Who is a student that is twice-exceptional? A student who is twice-exceptional often functions at a high intellectual level, but has a “specific academic deficit coupled with an executive processing deficit”. (Van Tassel-Baska, 1991, p. 246) These students can be grouped into three categories: 1. An identified gifted student who has an unidentified learning disability. 2. A student with an identified learning disability who is also gifted. 3. An unidentified student whose gifts and disabilities may be masked by average achievement. (Baum, 1991)
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Baum, S. (1994). Meeting the needs of gifted/learning disabled students. The Journal of Secondary Gifted Education, 5 (3), 6-16.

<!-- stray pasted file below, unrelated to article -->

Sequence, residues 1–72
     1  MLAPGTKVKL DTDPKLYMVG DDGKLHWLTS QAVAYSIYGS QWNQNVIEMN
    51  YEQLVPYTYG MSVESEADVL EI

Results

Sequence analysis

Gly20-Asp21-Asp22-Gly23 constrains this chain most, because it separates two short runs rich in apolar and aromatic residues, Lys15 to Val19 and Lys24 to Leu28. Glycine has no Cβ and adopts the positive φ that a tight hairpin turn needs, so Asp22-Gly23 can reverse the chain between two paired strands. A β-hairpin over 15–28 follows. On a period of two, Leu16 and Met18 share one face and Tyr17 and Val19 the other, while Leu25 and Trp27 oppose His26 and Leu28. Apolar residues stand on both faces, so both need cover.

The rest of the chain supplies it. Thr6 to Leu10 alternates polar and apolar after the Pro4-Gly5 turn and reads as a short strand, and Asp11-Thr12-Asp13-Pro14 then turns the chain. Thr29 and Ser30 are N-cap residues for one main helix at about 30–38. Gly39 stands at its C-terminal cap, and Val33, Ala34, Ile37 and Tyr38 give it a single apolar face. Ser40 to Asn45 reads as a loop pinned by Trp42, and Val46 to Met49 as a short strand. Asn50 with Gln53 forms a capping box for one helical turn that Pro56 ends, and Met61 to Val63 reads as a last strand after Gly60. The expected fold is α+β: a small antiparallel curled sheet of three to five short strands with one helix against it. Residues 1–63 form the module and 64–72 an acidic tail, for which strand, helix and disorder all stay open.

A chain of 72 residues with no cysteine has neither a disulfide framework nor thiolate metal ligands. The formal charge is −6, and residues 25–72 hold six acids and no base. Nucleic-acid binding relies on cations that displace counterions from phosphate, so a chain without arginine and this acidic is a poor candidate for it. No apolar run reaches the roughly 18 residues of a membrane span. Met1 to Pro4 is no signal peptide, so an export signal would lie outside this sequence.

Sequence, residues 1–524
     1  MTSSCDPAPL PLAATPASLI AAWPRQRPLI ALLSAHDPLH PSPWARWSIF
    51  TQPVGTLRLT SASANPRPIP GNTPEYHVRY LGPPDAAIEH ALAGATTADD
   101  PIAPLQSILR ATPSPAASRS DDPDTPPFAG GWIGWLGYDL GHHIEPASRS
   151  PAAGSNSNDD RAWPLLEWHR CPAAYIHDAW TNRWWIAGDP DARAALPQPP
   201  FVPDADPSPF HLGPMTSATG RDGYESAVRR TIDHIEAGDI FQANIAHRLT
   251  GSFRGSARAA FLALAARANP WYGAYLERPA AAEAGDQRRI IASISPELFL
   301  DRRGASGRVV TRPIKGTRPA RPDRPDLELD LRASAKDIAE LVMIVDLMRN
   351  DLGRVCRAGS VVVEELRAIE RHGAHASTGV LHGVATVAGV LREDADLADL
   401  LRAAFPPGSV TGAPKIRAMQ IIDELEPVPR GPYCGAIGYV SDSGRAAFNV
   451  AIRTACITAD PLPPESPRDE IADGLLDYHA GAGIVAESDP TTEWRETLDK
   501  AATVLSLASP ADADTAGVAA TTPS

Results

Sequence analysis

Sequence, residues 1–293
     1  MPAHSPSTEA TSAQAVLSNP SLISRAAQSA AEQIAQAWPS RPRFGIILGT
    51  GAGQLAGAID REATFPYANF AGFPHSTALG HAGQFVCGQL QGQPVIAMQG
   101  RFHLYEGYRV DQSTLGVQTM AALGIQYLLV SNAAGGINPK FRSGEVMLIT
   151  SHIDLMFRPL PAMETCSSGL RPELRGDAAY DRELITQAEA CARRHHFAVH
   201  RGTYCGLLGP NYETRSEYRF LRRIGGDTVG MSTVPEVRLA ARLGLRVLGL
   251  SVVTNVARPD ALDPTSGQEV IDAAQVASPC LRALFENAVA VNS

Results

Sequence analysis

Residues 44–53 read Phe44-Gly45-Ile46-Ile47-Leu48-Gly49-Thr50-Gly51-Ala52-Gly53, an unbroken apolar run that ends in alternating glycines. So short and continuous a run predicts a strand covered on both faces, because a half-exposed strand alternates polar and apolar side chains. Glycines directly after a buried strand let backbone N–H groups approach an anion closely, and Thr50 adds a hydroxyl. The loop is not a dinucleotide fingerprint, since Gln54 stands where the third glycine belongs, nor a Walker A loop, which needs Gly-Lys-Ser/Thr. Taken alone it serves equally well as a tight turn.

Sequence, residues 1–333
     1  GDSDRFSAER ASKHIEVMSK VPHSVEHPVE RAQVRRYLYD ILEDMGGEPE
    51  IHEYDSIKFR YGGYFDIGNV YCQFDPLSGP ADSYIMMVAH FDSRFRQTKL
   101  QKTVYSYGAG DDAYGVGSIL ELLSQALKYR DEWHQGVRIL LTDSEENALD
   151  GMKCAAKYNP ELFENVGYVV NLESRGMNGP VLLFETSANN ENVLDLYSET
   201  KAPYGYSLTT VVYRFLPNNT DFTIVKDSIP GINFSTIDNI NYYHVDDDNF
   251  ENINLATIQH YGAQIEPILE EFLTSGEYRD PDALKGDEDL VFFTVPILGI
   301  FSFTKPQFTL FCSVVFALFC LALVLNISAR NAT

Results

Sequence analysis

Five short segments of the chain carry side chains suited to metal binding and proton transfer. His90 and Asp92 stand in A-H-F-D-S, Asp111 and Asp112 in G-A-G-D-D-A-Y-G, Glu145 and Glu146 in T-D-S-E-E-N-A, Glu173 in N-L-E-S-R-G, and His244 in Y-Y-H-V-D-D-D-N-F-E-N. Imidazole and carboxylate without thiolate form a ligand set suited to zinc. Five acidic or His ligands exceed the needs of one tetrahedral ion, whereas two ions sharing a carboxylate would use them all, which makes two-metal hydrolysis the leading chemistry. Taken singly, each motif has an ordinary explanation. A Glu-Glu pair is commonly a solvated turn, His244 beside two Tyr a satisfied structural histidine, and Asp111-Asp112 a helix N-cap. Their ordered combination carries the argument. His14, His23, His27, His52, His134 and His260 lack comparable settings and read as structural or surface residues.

Cline, S., & Schwartz, D. (1999). Diverse Populations of Gifted Children. NJ: Merrill.
Colbert, R., & Reil, S. M. (2004). Counselling Needs of Academically Talented Students with Learning Disabilities. The American School Counselor Association: Professional School Counselling, 8 (2), 156-167.
Van Tassel-Baska, J. (1991). Gifted Education in the Balance: Building Relationships With General Education. Gifted Child Quarterly, 35 (1), 20-25.
Winebrenner, S. (2003). Teaching Strategies for Twice-Exceptional Students. Intervention in School and Clinic, 38 (3), 131-137.